Hobbed Bolt Clogging & Filament Stuck

The hobbed bolt keeps getting clogging and the filament gets stuck within the first few minutes of a new print. I keep cleaning it but it keeps clogging. I am using PLA. Any suggestions? See attachments.

Hi FitzNYC, let’s check a few things. Does the filament seem to be extruding well into the air when you clean off the filament and the hobbed bolt? If the filament comes out at and curls up it could be that there is a partial clog there. If it comes out nice and straight then it could be something simpler like filament tension. A little secret on that is to use this extruder latch jig (http://devel.lulzbot.com/mini/daffodil/jigs/extruder_latch_jig_0.3.stl) to tension your idler perfectly. It should be around 4mm spring length. Then use a standard Cura profile and give it another shot.

Thanks 3dprintdaddy! I will give it a shot.

@3dprintdaddy, The filament does not always come out straight. It does curl sometimes. I am not sure how to use the extruder latch jig and make the spring length 4mm. I have definitely been experimenting with the spring tension but don’t know how to set it to 4mm. Is there any documentation on-line that would help me figure this out? Thanks you for all of your help.



That jig is 8mm wide. you stick it down sitting on the springs, then tighten the screws until the springs are compressed to the width of the Jig.

Thank you piercet!

Issue resolved. It was a combination of a partial clog and idler tension. I use the latch jig that 3dprintdaddy uploaded which worked like a charm. To get rid of the partial clog, I use the the suggestion at https://www.lulzbot.com/support/unclogging-tips , “If there is flow but it seems partially blocked, thin, or is “pig-tailing” out of the nozzle:”.

Thank you all for all of your help.

I’ve had the same problem today and have been trying to clear what has to be a partial clog using HIPS. The last things I printed were with PLA and I’m now printing the idler jig in PLA without issue. With HIPS and ABS (which I originally was switching over to) I get pig-tailing and then the hobbed bolt chewing into the filament. I haven’t had any issues with this before, successfully printing with HIPS and ABS many times.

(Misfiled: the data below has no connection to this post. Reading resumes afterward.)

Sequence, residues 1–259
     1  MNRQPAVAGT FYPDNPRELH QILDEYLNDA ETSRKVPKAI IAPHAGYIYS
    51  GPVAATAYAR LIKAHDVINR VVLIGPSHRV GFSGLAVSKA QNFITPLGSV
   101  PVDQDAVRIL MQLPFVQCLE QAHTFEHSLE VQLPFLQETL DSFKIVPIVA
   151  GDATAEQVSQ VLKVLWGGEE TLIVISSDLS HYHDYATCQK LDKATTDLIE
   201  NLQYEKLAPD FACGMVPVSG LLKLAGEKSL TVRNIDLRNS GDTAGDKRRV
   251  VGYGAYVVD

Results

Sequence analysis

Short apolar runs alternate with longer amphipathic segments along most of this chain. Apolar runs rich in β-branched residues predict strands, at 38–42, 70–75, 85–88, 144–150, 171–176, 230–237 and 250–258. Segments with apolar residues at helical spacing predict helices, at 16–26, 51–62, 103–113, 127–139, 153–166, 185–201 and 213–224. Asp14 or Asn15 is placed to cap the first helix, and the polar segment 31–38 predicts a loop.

Only thing I can think of that is different may be that I had a failed print yesterday that ended up coating lots of the hot end in PLA. I cleaned it off with it heated for PLA with tweezers. Given PLA printed fine just after that failed print I don’t think it had anything to do with it.

I got tired trying cold pulls, but will go back to that again. Was varying the temperature, but getting the idler tension right seemed a thing to knock out if I could print with PLA which seems to be fine.

Any thoughts or suggestions beyond “keep at it with cold pulls” are appreciated! Thanks for all the earlier comments.

Here is my maintenance check list for when the Mini isn’t printing properly. I hope this helps.

  1. Clean platform with alcohol and sandpaper, typically 2000-2500.
  2. Cold pole nozzle at 65 degrees (Up to 8 times).
  3. Clean hobbed bolt with dental pick and wire brush.
  4. Calibrate springs with latch jib (http://devel.lulzbot.com/mini/daffodil/jigs/extruder_latch_jig_0.3.stl).
  5. Clean cooled nozzle with acetone.